Local children learning the basics at tennis camp

By Curt Yeomans


Stockbridge resident, Tonysha Ayes, was not looking forward to attending tennis camp at the Clayton County Tennis Center when her parents told her she had been signed up for the program.

Ayes, 13, had never played tennis, and she had no interest in the sport. She was being signed up for the class because her step-sister, Breyanna McCoy, 9, is a tennis fan, who was interested in attending the camp. As a result, sibling rivalry almost came to a head over tennis camp enrollment.

"She didn't speak to me for a week," McCoy said.

However, Ayes' attitude changed a few days into the camp. It was not the dreaded tennis camp, any longer, but a fun place she enjoyed everyday.

"It's pretty cool," she said. "I like playing against other people, and making new friends at the same time."

Ayes and McCoy are two of the 17 children from across the Southern Crescent who are enrolled in the weekly tennis camps being offered at the Clayton County Tennis Center, located in the International Park in Jonesboro. The ages of the children range from 5 to 15.

The daily routine at the camp consists of drills in the morning, and technique work in the afternoon. Larry Graham, a coach, said he and fellow coach, Jerome Dean, plan the camp's daily schedule around the heat. "We have the children do their drills in the morning, because that's when its about 70 degrees outside," Graham said. "Since its about 90 degrees outside during the afternoon, we have the kids do the lighter stuff at that time ...

"We also make sure we have cold water on the courts at all times, and we have the kids go inside for 15-minute water breaks every 45 minutes, so they won't get dehydrated in this heat."

Graham said the Tennis Camp organizers plan for two trips to the beach during the week, so they can make it more than just tennis drills. He cited that as part of the reason why the camp has had a 100 percent retention from the first 2008 camp, to the next one. Graham also said the camp picks up two or three new participants each week.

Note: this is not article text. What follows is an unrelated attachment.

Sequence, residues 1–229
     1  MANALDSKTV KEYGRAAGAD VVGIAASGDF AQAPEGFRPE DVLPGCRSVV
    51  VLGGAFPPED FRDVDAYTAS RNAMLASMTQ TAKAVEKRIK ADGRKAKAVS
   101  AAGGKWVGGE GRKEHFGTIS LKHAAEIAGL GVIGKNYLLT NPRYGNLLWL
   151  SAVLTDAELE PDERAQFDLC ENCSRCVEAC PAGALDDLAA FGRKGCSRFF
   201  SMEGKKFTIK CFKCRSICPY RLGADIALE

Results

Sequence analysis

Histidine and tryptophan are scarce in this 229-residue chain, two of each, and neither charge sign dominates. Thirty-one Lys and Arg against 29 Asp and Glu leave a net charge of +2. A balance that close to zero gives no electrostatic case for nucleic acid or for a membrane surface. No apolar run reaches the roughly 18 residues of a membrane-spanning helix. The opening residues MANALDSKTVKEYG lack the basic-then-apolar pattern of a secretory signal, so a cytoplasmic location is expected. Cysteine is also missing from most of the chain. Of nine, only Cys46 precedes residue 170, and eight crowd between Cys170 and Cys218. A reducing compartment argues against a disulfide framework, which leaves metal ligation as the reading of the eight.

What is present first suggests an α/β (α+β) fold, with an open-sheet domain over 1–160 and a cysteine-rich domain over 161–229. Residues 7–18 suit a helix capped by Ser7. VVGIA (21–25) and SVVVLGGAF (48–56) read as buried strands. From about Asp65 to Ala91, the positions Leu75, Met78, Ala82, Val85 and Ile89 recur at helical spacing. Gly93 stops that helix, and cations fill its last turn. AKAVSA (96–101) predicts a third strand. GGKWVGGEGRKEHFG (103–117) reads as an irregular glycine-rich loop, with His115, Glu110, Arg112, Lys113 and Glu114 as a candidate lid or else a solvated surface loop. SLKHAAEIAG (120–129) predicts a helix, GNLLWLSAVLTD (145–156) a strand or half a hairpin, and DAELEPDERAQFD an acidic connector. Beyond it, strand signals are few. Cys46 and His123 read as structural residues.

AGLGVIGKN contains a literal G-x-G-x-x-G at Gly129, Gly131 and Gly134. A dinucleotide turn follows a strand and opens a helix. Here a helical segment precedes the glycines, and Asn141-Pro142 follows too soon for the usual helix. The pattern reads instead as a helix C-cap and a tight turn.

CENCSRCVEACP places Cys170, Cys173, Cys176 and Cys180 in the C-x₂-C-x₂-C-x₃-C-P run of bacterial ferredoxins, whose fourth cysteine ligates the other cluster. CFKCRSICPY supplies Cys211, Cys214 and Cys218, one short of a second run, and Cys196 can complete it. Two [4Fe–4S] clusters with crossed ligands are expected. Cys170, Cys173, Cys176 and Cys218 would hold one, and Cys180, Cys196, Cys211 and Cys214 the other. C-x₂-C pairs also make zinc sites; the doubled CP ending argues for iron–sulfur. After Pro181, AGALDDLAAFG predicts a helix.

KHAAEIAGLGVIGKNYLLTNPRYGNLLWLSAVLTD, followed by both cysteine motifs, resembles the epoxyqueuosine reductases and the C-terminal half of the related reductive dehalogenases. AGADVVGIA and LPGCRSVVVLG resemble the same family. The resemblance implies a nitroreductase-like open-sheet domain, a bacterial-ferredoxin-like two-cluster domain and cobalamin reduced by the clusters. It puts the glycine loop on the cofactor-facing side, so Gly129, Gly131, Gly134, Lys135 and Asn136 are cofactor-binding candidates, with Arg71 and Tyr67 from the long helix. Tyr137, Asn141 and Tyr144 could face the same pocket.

It's not uncommon to walk by a court at the tennis center and see rows of youths practicing their set, rotation, serve and follow through. Dean, another coach, barks the commands, "Set, Rotate, Serve, Point, Follow Through," as the children practice each step in slow motion.

Like Ayes, many of the children who were signed up for the camp were signed up by their parents even though the youths were not the biggest tennis fans.

"My parents signed me and my little brother up for the camp, so we would have something to do this summer, rather than stay at home all day," said Demont Davis, 13, a resident of Jonesboro. "I was kind of upset at first, but curious at the same time. I wanted to see what tennis is like. It's been a little difficult, but I've learned different techniques and ways to hit the ball. I'm enjoying it, so far."

Not every camp participant had to be pushed by a parent to sign up, though. Taylor Brooks, 14, of Ellenwood, said she wanted to sign up for the camp because she thought it looked like fun. She said the camp has been a valuable learning experience, although she is not sure how much tennis she will play after the camp is over.

"I've learned so much about hitting the ball, the parts of the tennis court, parts of the racquet and proper form," she said. "I've only been in camp for a couple of days, but the repetition of doing everything over and over again has really been a tremendous help."

Jasmine Harris, 13 of Jonesboro, signed up for the camp because she saw it as a fitness routine for the summer months. "It's good exercise to run around the court chasing the ball," she said.

Dean said the goal of the camp is to teach the basics of tennis to the children, so they will be able to continue playing the sport for years to come. "We don't want to just be a daycare for these children," he said. "We want to teach them real tennis skills, so they can become competitive tennis players."

The camp is going on every week, from now until the week of July 28, with the exception of June 30 through July 4. It costs $85 to sign up for one week of the camp. Interested persons can call (678) 479-5016, for more information.